I already talked about the reduction of paper. We try to eliminate it completely, but we still have people mailing in invoices, which is fine. But we tell them, “Hey, if you email them now, we can process a lot quicker. Anyway, we’ll talk about that later.

These were our business objectives beforehand. We’re very excited to get to the end product here. We wanted straight-through processing. So, if something was a PO invoice, that’s pre-approved. Everyone signed off on it. PO invoice comes in, it’s getting straight through and paid. There isn’t delays. Obviously, the manual process was very error prone. Even identifying those errors is difficult. We wanted a system where we could see where invoices were at every step of the way, and if there were errors, be able to triage them quickly.

With any AP process or implementation, you want to go in with a clean Vendor Master. So, one of our objectives was to have whichever consulting company we worked with coming in and cleanse that Vendor Master before we got started.

So that’s basically the six things up there, straightforward, but I think anyone, looking at one of these projects, seeing these would be very close to what we had here. Yeah. This is kind of it.

Again, just touching on our Infor version, we’re version 10 in the cloud. That’s our existing technology, what we implemented on. There’s our accounts payable department. We’re at eight processors and a mail clerk that sorts the mail. And kind of the idea was we could implement automation and have our AP staff do more value-added things.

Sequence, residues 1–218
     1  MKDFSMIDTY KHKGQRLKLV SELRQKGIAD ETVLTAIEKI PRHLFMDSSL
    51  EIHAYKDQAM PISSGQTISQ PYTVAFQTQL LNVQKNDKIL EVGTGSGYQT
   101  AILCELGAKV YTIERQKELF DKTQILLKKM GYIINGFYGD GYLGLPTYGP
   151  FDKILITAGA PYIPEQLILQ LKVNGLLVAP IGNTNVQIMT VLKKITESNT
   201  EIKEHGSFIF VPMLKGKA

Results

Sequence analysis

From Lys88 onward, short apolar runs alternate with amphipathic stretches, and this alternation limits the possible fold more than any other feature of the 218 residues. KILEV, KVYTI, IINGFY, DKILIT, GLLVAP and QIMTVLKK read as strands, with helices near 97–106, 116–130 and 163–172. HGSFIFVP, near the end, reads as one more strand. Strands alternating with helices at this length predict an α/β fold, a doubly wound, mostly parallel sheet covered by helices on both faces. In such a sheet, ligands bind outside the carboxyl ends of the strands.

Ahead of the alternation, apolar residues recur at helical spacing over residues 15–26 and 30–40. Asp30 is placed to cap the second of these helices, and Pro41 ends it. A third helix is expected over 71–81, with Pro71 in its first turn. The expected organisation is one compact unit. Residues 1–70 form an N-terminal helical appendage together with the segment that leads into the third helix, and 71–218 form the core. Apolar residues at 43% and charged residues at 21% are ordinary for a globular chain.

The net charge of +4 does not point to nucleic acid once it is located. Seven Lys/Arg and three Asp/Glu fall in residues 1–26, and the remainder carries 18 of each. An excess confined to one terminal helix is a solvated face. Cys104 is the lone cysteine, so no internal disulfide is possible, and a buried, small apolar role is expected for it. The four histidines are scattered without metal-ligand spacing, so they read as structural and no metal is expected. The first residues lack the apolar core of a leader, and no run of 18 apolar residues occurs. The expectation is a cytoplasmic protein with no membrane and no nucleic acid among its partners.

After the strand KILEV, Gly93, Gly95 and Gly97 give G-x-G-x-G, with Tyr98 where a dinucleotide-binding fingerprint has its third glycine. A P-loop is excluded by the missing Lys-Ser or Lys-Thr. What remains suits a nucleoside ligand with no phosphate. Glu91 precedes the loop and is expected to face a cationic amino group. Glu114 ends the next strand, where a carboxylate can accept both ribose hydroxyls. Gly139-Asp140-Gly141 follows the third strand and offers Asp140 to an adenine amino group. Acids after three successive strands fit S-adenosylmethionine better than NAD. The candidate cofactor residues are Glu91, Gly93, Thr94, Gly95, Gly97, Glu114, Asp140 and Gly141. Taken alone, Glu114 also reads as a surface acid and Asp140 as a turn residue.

Here’s a list of a couple of things we have them doing now. We can research things a lot quicker. We can do our reconciliation and kind of cleanliness activities a lot quicker. So that was kind of our mindset. If we can improve this process and add efficiencies, moving forward we can repurpose. So, no one’s losing a job or anything crazy like that. You get to tell that. But we didn’t want to. We just wanted to improve efficiencies, and we were really able to do that, which we’ll talk about shortly here.

So, these are the requirements, what we wanted. This is just recapping what I just spoke about. We wanted imaging. We wanted OCR. So, we wanted to be able to scan in. We didn’t want a person reading that invoice and validating. We just wanted it to go through OCR to read that.

Advanced data capture. That means basically extracting information off that invoice and being able to intelligently assign it, pull the invoice number, pull the date, look for duplicates. Things like that.

An approval workflow. The email, it’s just so antiquated and just doesn’t really work. We wanted something within the solution to be able to send out, send back, route around approvals to managers, directors, so and so, based on approval thresholds. Things like that.

Reporting. Everyone wants reporting. Give me more reporting. we-

Julia Robinson:
There’s never enough reporting.

Miles McIvor:
There really isn’t. I mean, we joke about it. We have the canned Infor reports for AP, which gives you a certain kind of point in time, but nothing advanced. I want us to know, like how many are we processing, how days aged are we, what’s our payables coming up? Like how much do we have outstanding? So that was one of our big requirements.

Training documentation, huge. We touched on it already. And the Vendor Master Cleanup, absolute necessity for a project like this.

Julia Robinson:
Perfect. So, we went through RFP process with Nuvance and we proposed a solution. We’re going to review in these next couple of slides coming up the technical solution that came from the assessment that we did with Nuvance. Kofax TotalAgility for the invoice capture and data extraction, data validation, which was a big part of this. And then also Infor’s APIA solution to actually process and get those invoices sent out for approvals.

Miles McIvor: